Berkeley is a great walking city. That was at the top of our list when we decided to settle our small, but growing, family on the sunny side of the bay. Walking to the store, library, or school became paramount once kids were added to the mix. With infants, sometimes just walking around the block is what the doctor ordered. And, as my wife Mia often points out, the walking happens at a slower pace, allowing one to notice more and absorb the details of the neighborhood in a different way altogether.
Around 2006, I started noticing the public edibles throughout Berkeley, and began to wonder if my kids would ever enjoy foraging, the way I did as a kid in growing up in Bucharest.
Edible Cities started as a pen and paper exercise of mapping our neighborhood. Talking with friends about the concept threw up the good suggestion of turning the paper trail into a public map on Google — people would be able to contribute and share sources as the map got passed around among friends.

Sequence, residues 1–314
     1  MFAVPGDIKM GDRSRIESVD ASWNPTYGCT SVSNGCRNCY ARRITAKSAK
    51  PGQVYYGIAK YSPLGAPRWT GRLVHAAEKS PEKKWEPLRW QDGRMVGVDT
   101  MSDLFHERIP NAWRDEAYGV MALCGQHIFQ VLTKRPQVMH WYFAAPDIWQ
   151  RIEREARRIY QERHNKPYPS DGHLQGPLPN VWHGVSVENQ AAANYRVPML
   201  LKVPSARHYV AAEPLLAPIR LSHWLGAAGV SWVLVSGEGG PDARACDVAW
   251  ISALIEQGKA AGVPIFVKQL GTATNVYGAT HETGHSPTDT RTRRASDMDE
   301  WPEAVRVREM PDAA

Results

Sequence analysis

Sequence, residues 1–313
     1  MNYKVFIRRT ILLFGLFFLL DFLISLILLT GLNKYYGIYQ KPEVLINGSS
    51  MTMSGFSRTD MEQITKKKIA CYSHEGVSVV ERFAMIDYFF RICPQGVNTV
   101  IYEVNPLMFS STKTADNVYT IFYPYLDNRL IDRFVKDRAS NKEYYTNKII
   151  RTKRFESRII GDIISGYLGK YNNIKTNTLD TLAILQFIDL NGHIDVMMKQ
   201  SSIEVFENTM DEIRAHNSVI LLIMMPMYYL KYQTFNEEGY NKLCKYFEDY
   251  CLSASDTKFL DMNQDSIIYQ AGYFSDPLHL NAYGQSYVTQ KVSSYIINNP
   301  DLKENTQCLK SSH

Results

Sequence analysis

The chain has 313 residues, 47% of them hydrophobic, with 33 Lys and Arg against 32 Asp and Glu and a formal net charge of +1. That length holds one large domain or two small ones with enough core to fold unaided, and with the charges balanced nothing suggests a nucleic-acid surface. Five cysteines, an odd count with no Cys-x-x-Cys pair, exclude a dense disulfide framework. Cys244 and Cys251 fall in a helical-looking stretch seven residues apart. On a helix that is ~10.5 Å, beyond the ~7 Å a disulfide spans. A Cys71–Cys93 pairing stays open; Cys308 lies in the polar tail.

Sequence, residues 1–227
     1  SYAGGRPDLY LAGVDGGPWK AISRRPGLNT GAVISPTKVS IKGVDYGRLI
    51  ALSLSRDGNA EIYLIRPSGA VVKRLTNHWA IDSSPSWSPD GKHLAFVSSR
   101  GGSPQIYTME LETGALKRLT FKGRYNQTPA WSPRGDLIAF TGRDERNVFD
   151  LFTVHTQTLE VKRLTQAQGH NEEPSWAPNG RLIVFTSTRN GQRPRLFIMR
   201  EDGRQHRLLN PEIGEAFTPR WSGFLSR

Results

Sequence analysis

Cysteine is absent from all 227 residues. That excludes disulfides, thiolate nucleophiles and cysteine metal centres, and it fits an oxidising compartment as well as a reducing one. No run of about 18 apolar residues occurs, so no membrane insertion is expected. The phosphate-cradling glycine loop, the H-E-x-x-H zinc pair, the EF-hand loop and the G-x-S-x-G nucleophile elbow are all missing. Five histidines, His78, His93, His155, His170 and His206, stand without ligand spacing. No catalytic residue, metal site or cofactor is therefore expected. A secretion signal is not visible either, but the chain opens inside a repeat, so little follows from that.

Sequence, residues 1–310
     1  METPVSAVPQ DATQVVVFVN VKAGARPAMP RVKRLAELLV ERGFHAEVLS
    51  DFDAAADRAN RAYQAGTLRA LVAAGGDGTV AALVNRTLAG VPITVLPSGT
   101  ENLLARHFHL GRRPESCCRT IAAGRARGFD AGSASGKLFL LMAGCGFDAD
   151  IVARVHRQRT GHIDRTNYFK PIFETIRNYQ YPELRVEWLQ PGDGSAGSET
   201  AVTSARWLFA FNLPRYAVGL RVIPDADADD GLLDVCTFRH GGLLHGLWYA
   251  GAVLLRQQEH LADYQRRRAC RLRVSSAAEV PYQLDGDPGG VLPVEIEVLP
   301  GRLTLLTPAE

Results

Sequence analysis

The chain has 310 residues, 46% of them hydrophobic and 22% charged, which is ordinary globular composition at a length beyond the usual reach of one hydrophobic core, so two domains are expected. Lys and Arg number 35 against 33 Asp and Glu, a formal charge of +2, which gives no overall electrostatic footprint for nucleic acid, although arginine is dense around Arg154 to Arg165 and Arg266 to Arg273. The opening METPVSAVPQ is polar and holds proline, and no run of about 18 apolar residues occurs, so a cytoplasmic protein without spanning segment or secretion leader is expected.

Read more at Berkeleyside.
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The 23,000 acres around Crystal Springs are prime hiking territory in an urban region desperate for more places to get outdoors. They're also home to numerous endangered species, and critical to San Francisco's drinking water supply.
Recreation | Stewardship | Urban Nature